InfluxData adds another 2.0 platform and opens a new front for cloud storage


Inflow data, a time series database platform provider that already has different cloud and open source / local versions, adds to the casserole. It announces upgrades to the 2.0 generation of the open source platform, which includes some features that borrow from its cloud offering, some incremental updates and the announcement of a new open source project that will expand the reach of InfluxData to cloud object storage.

The open source platform has now added support to Power, the GUI-based, script-oriented query language that was originally introduced with InfluxDB Cloud 2.0 platform last spring. It is very much a departure from the original InfluxQL it was a more explanatory SQL-like language. It is also a departure from rivals like Time scale and Amazon Time Stream who has strongly embraced SQL

InfluxData’s reasoning is that a script-oriented language, even if simplified with a drag-and-drop frontend, is much more powerful when building analytical queries on time series data. Nevertheless, InfluxData does not pull the plug on InfluxQL. Keep that thought in mind.

Also, part of this release releases InfluxData jumpstart templates, which consist of single-file monitoring configurations for common application cases such as network and IoT sensor monitoring. This comes from a strategy of meeting users where they live – might as well make it easier to use the core.

And then another new front is announced in the war. InfluxData reveals InfluxDB IOx. It would extend the reach of the platform to data stored in parquet format in cloud object storage. As expected, InfluxDB IOx would embrace a modern cloud-native architecture by separating storage from computing. Storage will act as the durability layer, while query, entry, and indexing servers run in stateless Kubernetes clusters, with an administration layer at the top to maintain condition and keep the entire operation healthy. It would build on top of existing open source building blocks including Apache Arrow Flight to gather data for high-speed transport.

Along the way, we also assume that the project will develop APIs that can both subscribe to PubSub feeds from Kafka or, as part of change data streaming, publish update feeds from the database. There will be various APIs so you can query on InfluxDB IOx or what InfluxData tags are like the commercially supported version of this open source project with the language you choose. Along the way, we would not be surprised if the project was renamed, as a Google search of IOx today brings up Cisco IoT application environment.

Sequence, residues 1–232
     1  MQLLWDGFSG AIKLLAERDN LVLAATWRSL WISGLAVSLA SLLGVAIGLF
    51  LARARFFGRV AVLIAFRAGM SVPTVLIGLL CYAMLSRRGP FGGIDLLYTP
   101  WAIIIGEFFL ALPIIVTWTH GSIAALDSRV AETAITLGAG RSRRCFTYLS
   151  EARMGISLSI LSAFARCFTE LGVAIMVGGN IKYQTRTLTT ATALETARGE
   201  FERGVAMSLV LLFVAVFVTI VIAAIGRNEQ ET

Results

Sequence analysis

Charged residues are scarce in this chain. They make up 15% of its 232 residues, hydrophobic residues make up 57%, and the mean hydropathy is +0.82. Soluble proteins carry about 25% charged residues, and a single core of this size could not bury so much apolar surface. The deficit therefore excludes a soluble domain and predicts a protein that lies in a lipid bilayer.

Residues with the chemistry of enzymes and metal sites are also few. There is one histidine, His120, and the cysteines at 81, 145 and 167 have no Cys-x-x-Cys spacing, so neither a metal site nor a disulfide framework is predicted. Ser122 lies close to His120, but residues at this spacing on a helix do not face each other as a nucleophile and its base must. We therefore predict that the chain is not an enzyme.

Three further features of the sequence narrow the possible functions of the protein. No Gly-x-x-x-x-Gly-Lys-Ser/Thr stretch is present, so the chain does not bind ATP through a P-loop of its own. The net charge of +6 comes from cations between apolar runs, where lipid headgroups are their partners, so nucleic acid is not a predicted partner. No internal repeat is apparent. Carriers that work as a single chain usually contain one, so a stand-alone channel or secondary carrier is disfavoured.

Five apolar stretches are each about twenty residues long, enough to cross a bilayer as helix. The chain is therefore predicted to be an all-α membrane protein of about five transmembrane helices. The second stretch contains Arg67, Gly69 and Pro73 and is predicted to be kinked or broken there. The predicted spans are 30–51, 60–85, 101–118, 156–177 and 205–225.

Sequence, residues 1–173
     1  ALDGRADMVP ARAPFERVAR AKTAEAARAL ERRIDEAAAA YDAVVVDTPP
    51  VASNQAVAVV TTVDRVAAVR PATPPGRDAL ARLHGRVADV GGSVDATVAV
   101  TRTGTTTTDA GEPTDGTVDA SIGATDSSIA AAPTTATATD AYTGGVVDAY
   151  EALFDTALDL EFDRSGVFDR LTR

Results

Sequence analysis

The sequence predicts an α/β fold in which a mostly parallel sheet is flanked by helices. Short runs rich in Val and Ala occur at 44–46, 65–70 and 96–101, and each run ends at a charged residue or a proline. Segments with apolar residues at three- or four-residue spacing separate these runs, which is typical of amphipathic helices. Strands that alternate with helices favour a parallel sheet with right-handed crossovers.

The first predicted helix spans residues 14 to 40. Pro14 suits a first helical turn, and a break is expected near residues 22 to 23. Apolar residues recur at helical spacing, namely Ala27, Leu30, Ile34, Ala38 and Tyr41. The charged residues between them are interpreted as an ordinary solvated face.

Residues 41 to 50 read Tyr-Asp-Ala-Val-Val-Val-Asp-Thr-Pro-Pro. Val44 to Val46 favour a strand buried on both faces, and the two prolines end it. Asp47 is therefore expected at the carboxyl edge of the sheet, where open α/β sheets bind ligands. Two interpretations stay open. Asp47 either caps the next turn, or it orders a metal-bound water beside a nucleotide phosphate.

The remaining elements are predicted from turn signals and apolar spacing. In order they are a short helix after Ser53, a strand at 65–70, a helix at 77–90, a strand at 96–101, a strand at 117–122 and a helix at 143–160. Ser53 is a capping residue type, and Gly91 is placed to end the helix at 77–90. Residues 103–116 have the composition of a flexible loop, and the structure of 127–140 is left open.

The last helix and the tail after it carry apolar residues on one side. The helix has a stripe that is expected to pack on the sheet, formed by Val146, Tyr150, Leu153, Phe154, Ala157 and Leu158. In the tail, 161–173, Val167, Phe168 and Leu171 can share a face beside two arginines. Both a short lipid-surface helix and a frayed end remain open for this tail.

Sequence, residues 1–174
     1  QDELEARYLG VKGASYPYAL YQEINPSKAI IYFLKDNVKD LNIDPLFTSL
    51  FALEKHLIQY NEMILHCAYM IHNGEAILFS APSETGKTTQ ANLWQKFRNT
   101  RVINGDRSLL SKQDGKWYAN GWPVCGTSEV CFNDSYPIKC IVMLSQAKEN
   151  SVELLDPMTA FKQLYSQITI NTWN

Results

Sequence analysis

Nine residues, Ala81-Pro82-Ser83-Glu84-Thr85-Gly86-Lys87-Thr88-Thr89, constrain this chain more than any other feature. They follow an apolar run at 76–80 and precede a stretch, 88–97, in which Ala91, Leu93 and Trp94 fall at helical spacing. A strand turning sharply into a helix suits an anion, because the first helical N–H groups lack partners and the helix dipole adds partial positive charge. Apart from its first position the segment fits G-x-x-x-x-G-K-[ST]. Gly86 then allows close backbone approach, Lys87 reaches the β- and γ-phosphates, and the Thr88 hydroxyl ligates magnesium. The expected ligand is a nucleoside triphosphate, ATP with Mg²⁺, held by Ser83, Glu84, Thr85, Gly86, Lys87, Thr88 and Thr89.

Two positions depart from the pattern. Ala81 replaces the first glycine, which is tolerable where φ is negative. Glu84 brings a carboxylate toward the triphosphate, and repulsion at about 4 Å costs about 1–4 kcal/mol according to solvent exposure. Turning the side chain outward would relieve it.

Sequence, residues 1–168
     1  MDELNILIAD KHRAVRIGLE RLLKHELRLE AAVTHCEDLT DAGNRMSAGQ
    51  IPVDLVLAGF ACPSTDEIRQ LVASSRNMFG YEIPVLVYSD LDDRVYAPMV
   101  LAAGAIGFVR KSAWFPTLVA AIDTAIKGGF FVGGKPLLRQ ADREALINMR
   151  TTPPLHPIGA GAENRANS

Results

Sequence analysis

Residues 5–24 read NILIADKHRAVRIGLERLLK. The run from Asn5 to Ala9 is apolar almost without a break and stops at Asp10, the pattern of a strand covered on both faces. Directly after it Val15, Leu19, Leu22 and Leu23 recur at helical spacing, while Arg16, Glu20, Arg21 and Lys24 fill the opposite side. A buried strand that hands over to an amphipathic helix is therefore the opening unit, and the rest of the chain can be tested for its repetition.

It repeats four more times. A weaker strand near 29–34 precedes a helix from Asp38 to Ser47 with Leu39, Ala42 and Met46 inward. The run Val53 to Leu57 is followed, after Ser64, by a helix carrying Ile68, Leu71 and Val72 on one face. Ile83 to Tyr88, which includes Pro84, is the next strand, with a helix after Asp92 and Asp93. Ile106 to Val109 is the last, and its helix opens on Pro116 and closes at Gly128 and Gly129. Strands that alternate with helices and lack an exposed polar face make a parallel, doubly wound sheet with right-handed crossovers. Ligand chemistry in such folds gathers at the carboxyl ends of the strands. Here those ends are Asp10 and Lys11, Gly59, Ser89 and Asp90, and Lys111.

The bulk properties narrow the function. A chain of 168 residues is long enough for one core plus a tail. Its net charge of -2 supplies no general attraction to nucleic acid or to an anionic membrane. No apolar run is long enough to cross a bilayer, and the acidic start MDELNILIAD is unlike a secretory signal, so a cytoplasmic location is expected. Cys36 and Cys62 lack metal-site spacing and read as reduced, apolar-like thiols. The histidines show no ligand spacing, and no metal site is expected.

Our concern is that InfluxData for a modest-sized company is juggling multiple data platforms. For now, there’s the classic InfluxData platform, which now has a 2.0 version; two generations of cloud platforms and now a new project that adds yet another engine to expand InfluxData’s reach for cloud object storage with a cloud-native architecture. There are many goals for a single technology provider that are not the size of AWS or Microsoft to support. InfluxData claims that it has the resources to push this forward, after not even dipping into the $ 60M Series-D funding they secured back in February 2019. But it’s not just resources, but the ability to focus, which becomes challenging when there are plenty of platforms or engines to juggle.

Keep in mind that the InfluxDB platform is without a doubt the most popular open source time series database out there, with the company estimating over 400,000 daily active occurrences out there in the wild. No wonder there is third parties get into the action, be the host their own InfluxDB clouds.

We start with our own confusion – there are two InfluxData 2.0 platforms. When InfluxData 2.0 was introduced to us a year ago, it was positioned as the cloud-native successor to InfluxDB 1.0, and the Influx QL query language was phased out. We assumed that InfluxDB Cloud 2.0 would be the future design point for InfluxData’s platforms. InfluxData characterizes the two 2.0 version platforms (cloud and open source) as “complementary”, optimized for different usage cases. The open source platform is a single node, good for local and edge implementations, while the cloud is designed for scaling.

At the time, we observed asking customers from a popular platform to jump to a new version with (at the time) limited backward compatibility was a riverboat game. We were also told at the time that InfluxQL was being phased out. Since then, the existing customer base responded with “Not so fast.” InfluxData keeps InfluxQL alive with APIs.

Clearly, the expansion of common APIs and support for Flux on the current platform are positive steps towards delivering a bridge strategy. APIs are popular ways to make cloud data platforms expandable and for the developer / user it will make InfluxData’s platforms expandable to different audiences. But in case of Azure Cosmos DB; Google sky Firestore and Key; and with notice of the new Stargate open source project, DataStax and Cassandra, they have different APIs that expose the same underlying storage engine. In contrast, InfluxData pulls this out with multiple storage engines in a manner reminiscent of MariaDB – it is clearly the more challenging road.

We would have preferred InfluxData to adopt a more active platform convergence strategy that would have centered on a more unambiguous goal, InfluxDB Cloud 2.0, assuming that the encounter with the paths would not happen overnight. And we wish the cloud platform had been envisioned in an expandable future to support different time series data types in addition to logs and metrics and with unified query for cloud storage in mind. We would have preferred it rather than devising new query and inventory engines.